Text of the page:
The NHS is currently experiencing some of the most severe pressures in its 70-year history.
GP surgeries across the country are experiencing significant and growing strain with rising demand, practices struggling to recruit staff, and patients having to wait longer for appointments.
Alongside these long-term trends, GP practices have been at the forefront of the NHS’s response to the COVID-19 outbreak whilst maintaining non-COVID care for patients throughout.
Changes to data methodology
In June 2021, NHS Digital GP workforce data releases switched from a quarterly to a monthly frequency. The methodology used in the new monthly releases has also changed. Releases since June 2021 no longer includes data estimates for the small proportion of practices that have historically uploaded no or partial workforce data.
The historical time series containing estimates were removed from publication at the same time, leaving only the new methodology.
This new methodology suggests that the fully qualified FTE (full-time equivalent) GP workforce has shrunk by 515 since September 2015. In reality, including the previous historical estimates, it has actually shrunk by 1,803 since 2015.
For this reason, the analysis used on this page refers to historical time series data from before the estimates were removed, as we believe this tells the most accurate story.
GP workforce data charts
The overall number of FTE (full-time equivalent) GPs has seen little growth since 2015, with the number of GP partners significantly reducing in that time.
In February 2020, to combat the stasis in GP workforce numbers, the Government announced a drive to recruit an additional 6000 GPs by 2024. That’s 1200-1500 extra doctors in general practice per financial year by the end of 2024.
Insufficient growth in GP numbers
There are actually now 1,803 fewer fully qualified FTE GPs today than there were in 2015.
Looking at the last year, between September 2020 and August 2021 the number of GP partners reduced by 918 doctors. The number of salaried and locum GPs increased by 611 over the same period. Factoring in the decrease in partners means that the number of fully qualified GPs by headcount decreased by 307 in this time.
In FTE terms (37.5 hours per week), the number of fully qualified GPs decreased by 380 between September 2020 and August 2021. This is likely because the GPs who left were doing a greater number of extra hours.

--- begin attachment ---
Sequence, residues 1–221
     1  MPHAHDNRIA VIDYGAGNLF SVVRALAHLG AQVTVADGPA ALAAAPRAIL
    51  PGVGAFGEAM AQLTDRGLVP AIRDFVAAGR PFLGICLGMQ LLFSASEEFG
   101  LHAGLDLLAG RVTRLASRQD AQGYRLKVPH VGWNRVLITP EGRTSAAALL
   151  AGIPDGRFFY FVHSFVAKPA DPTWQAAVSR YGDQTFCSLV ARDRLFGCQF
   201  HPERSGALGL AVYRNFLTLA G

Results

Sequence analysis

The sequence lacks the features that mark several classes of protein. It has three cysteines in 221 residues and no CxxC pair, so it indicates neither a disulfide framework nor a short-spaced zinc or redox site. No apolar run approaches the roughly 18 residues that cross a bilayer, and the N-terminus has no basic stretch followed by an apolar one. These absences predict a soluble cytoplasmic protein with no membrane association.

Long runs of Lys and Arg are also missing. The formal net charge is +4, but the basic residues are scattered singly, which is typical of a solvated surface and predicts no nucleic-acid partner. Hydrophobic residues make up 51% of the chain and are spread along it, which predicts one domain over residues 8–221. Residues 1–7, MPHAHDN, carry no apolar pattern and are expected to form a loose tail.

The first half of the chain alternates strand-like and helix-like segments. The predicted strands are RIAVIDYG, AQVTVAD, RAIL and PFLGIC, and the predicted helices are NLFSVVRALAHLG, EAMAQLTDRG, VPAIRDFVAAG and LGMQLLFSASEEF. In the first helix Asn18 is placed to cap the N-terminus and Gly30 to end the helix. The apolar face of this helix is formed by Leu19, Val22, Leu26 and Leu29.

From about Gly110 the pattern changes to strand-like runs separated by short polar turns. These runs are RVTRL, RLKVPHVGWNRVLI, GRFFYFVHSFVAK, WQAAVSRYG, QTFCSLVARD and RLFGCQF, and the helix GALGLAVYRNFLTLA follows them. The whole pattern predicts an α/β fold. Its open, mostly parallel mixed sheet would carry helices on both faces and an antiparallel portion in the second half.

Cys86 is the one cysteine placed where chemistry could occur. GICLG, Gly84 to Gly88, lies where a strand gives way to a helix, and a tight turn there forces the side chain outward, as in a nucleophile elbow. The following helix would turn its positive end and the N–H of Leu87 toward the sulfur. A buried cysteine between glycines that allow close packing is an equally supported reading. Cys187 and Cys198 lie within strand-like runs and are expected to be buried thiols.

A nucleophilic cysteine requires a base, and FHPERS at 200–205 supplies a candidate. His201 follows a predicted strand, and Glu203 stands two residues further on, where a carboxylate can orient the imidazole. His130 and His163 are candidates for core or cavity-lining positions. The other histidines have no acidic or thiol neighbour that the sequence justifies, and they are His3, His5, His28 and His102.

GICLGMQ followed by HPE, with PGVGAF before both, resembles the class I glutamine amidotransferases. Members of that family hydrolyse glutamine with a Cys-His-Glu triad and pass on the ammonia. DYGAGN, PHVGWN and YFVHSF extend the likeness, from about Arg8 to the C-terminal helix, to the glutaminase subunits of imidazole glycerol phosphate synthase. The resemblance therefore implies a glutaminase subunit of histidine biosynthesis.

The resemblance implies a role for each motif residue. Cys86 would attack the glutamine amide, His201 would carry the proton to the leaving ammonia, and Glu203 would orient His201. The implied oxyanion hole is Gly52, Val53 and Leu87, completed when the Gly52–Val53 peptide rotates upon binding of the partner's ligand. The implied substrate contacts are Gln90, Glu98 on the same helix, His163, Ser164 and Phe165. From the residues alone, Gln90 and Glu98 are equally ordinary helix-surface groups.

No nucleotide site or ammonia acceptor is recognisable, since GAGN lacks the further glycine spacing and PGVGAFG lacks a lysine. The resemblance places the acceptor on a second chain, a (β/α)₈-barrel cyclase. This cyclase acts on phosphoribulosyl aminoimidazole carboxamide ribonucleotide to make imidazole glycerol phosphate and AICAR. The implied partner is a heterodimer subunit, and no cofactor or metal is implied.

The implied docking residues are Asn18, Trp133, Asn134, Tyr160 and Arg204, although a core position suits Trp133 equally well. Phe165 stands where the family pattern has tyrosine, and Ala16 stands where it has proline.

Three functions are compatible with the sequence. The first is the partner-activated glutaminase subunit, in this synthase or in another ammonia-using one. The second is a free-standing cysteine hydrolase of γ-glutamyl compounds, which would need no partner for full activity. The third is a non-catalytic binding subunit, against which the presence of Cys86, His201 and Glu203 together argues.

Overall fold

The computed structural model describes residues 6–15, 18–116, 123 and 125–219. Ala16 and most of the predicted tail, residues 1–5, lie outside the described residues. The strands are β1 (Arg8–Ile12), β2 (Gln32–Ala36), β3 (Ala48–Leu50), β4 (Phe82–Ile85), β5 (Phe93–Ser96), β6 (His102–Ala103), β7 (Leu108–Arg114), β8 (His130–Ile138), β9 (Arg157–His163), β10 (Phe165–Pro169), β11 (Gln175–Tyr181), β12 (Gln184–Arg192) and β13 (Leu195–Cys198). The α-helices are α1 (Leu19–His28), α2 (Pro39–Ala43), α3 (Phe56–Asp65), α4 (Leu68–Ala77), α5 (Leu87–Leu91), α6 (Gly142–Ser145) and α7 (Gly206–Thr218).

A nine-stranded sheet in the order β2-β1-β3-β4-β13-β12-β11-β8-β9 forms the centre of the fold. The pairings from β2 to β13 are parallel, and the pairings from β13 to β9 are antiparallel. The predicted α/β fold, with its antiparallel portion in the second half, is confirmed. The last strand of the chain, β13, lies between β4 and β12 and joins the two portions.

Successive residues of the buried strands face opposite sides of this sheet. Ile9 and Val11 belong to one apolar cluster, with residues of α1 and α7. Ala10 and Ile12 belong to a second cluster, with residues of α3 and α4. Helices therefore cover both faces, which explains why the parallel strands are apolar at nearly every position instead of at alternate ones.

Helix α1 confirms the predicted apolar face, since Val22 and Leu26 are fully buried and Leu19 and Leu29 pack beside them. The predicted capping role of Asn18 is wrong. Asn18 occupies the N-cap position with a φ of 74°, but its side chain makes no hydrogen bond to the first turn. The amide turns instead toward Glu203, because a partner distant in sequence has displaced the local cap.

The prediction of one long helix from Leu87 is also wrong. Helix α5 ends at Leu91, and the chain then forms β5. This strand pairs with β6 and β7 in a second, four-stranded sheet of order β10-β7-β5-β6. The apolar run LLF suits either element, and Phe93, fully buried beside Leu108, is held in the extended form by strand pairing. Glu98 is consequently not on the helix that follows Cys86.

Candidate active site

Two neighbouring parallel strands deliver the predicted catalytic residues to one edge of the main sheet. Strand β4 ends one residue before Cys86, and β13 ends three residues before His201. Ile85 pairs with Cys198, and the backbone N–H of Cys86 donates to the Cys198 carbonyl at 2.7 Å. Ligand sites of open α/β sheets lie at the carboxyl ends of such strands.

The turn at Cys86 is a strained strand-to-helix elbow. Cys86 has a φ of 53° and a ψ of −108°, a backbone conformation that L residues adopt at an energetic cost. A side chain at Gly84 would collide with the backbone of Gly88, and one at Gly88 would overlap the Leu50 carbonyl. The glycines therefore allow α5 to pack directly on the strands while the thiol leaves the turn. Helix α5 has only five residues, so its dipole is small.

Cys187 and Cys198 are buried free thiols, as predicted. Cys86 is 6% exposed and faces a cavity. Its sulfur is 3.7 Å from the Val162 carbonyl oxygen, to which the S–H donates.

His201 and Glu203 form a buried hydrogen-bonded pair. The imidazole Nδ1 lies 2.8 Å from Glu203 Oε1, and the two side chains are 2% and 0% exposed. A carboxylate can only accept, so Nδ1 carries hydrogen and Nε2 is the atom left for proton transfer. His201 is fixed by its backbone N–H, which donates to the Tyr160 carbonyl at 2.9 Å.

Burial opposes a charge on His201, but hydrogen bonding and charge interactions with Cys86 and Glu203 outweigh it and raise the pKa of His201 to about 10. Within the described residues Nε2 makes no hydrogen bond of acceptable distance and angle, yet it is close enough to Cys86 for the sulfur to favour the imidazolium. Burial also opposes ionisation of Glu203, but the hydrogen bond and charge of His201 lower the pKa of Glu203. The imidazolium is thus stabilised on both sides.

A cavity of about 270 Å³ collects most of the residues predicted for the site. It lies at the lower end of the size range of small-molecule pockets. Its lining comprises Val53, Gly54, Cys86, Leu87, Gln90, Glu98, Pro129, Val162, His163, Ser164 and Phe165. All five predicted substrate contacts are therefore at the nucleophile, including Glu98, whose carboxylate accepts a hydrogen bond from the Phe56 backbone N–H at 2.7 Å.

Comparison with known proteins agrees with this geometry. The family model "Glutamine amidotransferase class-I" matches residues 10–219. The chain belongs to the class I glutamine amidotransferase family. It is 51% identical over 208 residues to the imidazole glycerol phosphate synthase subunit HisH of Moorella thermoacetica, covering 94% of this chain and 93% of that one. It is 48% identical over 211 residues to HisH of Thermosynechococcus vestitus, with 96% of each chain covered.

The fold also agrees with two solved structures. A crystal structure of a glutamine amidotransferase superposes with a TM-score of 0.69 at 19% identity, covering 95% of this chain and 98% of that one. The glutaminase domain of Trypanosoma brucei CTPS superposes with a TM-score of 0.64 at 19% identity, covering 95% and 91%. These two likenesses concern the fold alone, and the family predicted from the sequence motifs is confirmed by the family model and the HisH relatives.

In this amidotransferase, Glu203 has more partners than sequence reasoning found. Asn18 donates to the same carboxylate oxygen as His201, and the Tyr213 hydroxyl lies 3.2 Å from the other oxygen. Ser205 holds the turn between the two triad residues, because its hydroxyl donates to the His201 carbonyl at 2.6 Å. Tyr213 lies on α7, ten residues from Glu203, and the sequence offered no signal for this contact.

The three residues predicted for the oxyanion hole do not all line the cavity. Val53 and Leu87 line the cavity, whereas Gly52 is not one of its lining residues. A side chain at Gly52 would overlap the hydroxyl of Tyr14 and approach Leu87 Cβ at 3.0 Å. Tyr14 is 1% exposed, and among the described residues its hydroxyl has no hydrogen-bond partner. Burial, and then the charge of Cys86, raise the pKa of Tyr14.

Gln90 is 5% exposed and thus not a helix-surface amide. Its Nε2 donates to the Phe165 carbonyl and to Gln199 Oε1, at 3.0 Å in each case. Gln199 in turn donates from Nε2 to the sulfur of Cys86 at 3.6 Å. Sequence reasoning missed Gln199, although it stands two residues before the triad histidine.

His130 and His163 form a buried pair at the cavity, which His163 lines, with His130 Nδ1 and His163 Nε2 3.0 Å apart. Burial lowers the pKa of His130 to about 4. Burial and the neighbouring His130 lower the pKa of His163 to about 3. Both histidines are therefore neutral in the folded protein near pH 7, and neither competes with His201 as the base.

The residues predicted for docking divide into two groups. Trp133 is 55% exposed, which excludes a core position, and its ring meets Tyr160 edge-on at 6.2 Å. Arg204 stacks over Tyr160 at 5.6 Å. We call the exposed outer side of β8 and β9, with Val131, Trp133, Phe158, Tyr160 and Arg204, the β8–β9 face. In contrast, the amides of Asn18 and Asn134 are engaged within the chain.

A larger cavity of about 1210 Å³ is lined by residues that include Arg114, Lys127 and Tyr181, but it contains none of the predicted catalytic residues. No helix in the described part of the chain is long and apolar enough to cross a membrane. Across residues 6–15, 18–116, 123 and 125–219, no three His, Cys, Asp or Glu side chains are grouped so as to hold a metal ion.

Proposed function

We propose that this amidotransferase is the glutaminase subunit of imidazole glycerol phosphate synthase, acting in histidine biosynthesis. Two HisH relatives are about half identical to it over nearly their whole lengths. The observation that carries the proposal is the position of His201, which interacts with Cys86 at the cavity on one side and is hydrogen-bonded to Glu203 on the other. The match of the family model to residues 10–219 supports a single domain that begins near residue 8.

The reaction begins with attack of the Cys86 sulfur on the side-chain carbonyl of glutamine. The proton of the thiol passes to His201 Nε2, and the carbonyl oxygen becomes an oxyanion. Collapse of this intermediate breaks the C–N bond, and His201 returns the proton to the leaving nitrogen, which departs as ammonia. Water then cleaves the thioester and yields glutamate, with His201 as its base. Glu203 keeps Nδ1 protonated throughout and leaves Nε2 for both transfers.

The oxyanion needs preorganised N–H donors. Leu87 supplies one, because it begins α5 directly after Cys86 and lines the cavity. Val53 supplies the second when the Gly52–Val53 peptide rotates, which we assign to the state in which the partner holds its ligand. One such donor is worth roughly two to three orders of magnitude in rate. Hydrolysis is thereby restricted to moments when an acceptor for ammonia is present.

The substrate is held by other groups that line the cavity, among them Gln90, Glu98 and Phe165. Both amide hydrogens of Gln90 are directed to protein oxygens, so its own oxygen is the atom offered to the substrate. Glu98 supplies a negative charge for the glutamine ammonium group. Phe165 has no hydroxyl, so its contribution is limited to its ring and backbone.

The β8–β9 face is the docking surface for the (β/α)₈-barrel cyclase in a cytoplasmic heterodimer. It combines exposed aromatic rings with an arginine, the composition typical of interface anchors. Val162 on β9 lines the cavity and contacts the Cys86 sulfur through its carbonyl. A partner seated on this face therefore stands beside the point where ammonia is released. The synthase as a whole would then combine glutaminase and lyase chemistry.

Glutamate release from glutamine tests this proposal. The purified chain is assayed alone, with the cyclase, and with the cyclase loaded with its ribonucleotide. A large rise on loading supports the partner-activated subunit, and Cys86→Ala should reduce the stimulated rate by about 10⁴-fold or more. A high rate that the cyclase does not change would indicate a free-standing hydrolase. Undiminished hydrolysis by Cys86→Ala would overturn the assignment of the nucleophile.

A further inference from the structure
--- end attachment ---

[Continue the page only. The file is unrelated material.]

GP working patterns
Since 2017, the number of GPs working full-time hours or more in GP practice-based settings has been steadily decreasing. The number of GPs choosing to work some degree of part-time has been climbing.
NHS Digital only very recently started collecting very limited data on GPs working in other settings, for example GP out of hours, NHS 111, urgent care centres.
The medical workforce trend appears to show that doctors are moving towards working patterns that allow them to control their hours and workload better. This is most likely to avoid stress, ill-health and burnout and to better manage their work-life balance.
This is supported by recent survey responses from BMA members (July 2021; 2050 overall respondents):
51% of respondents said they are currently suffering from depression, anxiety, stress, burnout, emotional distress or another mental health condition
of these, one in five (23%) are suffering 'worse than before the start of the pandemic'
just under half (47%) plan to work fewer hours after the pandemic
slightly more than two in five (44%) plan to work more flexibly and from home more
over one in 10 (16%) plan to leave the NHS altogether.
GP to patient ratio
There are now just 0.45 fully qualified GPs per 1000 patients in England – down from 0.52 in 2015.
At the same time, the number of practices is also falling. While many practices have entered into mergers, surgeries are also closed for other reasons. This can include inability to recruit staff and GP partners, no longer viable or partner retirements or CQC closures due to under resourcing.
Appointments and prescribing
The number of COVID vaccinations delivered by GP practices has been falling since its peak of 8 million appointments in May, but still amounts to 1.5 million appointments.
The number of ‘standard’ (non-COVID vaccination) appointments in general practice has dropped slightly since last month (by 1.9 million) but remains high at 23.9 million.
These two forms of appointments combined bring the total to 25.5 million. GP practices have been at the forefront of the NHS’s response to the pandemic, but COVID appointments take up practice capacity. Including Covid appointments, the overall appointment count for August 2021 is still two million higher than pre-pandemic levels (August 2019).
There were 315,190,826 repeat prescriptions in general practice in the year between August 2020 and July 2021, with August 2021 seeing 1,833,071 (6%) more repeat prescriptions than August 2020. That's a yearly average of 47,967 or around 922 per week per practice.
The average number of weekly prescriptions in August 2021 was up by 366,615 (6%) compared to August 2020.
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